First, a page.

Postpartum Disorders

Just become a father? Become a grandmother? Congratulations to you, but please be careful. Its a crucial time for the new mother. Pregnancy and the birth of a child can be a joyous and exciting time, but some women may struggle with their mental health as they transition to motherhood. Mental health disorders such as depression, anxiety, or obsessive-compulsive disorder may surface during or after pregnancy. Additionally, birth-related post-traumatic stress disorder or a severe but rare condition called POSTPARTUM DISORDERS or PHSYCHOSIS (PPD) can happen following childbirth.

Overview

The birth of a baby can trigger a jumble of powerful emotions, from excitement and joy to fear and anxiety. But it can also result in something you might not expect — depression.

Most new moms experience postpartum “baby blues” after childbirth, which commonly include mood swings, crying spells, anxiety and difficulty sleeping. Baby blues typically begin within the first two to three days after delivery, and may last for up to two weeks.

But some new moms experience a more severe, long-lasting form of depression known as postpartum depression. Rarely, an extreme mood disorder called postpartum psychosis also may develop after childbirth.

Postpartum disorders (depression) isn’t a character flaw or a weakness. Sometimes it’s simply a complication of giving birth. If you have postpartum depression, prompt treatment can help you manage your symptoms and help you bond with your symptoms.

Symptoms:

Postpartum depression may be mistaken for baby blues at first — but the signs and symptoms are more intense and last longer, and may eventually interfere with your ability to care for your baby and handle other daily tasks. Symptoms usually develop within the first few weeks after giving birth of the baby, but may begin earlier, during pregnancy, or later, up to a year after birth.

PPD signs and symptoms

Depressed mood or severe mood swings, excessive crying, difficulty in bonding with your baby, distance from husband, family member and friends, loss of appetite or eating much more than usual, inability to sleep or sleeping too much, overwhelming fatigue or loss of energy, reduced interest and pleasure in activities you used to enjoy, intense irritability and anger, fear that you’re not a good mother, hopelessness, feelings of worthlessness, shame, guilt, diminished ability to think clearly, concentrate or make decisions, restlessness, severe anxiety and panic attacks, thoughts of harming yourself or your baby, recurrent thoughts of death or suicide, untreated, postpartum depression may last for many months or longer.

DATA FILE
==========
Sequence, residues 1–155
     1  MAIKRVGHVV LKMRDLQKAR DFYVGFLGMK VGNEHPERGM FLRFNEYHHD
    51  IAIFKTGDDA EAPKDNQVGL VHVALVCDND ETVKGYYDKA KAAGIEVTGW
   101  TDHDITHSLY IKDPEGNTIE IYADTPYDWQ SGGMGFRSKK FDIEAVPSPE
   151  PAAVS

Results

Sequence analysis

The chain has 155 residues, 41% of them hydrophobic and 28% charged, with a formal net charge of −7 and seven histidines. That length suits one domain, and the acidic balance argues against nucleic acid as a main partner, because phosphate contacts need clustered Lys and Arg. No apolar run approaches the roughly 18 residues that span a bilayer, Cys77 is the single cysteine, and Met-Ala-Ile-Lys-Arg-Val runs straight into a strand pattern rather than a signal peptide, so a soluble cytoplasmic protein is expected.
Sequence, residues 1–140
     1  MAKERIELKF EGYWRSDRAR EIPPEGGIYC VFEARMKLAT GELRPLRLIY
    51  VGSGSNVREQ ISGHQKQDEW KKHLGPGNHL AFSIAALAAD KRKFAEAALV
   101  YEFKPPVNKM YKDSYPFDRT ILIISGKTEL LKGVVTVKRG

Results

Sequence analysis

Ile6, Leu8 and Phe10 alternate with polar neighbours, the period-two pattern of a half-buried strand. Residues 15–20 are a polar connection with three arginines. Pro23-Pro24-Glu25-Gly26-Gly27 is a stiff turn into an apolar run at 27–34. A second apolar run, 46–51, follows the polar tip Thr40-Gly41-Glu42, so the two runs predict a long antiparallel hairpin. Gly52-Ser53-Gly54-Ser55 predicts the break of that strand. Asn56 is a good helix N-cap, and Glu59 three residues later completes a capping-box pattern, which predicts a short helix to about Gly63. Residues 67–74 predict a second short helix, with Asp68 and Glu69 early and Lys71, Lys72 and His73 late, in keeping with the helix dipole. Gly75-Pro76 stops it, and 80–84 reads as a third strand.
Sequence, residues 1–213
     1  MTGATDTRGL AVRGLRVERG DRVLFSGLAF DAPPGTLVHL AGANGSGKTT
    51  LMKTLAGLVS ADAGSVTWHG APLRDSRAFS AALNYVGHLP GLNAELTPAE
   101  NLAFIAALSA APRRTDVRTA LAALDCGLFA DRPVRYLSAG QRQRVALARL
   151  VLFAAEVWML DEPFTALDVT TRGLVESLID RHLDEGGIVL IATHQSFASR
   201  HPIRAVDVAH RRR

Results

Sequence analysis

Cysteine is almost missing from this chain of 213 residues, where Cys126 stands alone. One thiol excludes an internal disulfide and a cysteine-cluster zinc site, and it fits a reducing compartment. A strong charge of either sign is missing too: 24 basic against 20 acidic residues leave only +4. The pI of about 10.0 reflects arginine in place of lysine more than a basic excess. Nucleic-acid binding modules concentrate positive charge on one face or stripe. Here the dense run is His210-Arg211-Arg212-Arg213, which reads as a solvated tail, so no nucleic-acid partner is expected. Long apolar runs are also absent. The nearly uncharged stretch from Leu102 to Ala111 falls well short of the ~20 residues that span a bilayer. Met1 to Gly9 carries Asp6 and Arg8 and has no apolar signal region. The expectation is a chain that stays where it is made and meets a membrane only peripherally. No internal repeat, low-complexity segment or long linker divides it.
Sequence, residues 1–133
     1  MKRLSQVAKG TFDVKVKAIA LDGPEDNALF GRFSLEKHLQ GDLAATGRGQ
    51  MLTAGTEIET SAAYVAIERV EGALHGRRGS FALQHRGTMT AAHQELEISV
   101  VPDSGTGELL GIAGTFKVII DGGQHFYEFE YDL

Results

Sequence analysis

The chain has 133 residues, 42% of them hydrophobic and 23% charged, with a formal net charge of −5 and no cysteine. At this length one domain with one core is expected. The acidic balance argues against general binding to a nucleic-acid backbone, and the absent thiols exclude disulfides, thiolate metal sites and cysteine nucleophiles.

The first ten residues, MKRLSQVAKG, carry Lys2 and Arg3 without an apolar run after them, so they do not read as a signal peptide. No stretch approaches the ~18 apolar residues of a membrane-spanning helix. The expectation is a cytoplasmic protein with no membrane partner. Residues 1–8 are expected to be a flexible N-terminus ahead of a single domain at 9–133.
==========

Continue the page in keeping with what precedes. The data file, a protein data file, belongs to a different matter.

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Postpartum Psychosis

With postpartum psychosis — a rare condition that typically develops within the first week after delivery. The signs and symptoms are severe, i.e confusion and disorientation, obsessive thoughts about your baby, hallucinations and delusions, sleep disturbances, excessive energy and agitation, paranoia, attempts to harm yourself or your baby.

Also Read ADHD-Attention Deficit Hyperactivity Disorder

Risk factors

The risk factors associated with the development of postpartum disorders are: cesarean sections or other perinatal or natal complication; past history of psychotic illness, especially past history of anxiety and depression; family history of psychiatric illness, especially mother and sister having postpartum disorder; previous episode of postpartum disorder; stressful life events especially during pregnancy and near delivery; history of sexual abuse; vulnerable personality traits and social isolation/unsupportive spouse.

Treatments

Taking antidepressant medication may help alleviate the symptoms of PPD and should be combined with ongoing counseling with a therapist trained in issues surrounding childbirth. It is always important for a woman to discuss any potential side effects an antidepressant drug may have on herself or her baby. Studies show that some antidepressant medications have no harmful effects on breastfeeding infants. Psychotherapy alone may also be used to treat PPD. New mothers should be encouraged to talk about their feelings or fears with others. Socializing through support groups and with friends can play a critical role in recovery. Exercise and good nutrition may improve a new mother’s mood and also aid in recovery. Caffeine (while tempting to exhausted new moms) should be avoided because it can trigger anxiety and mood changes.

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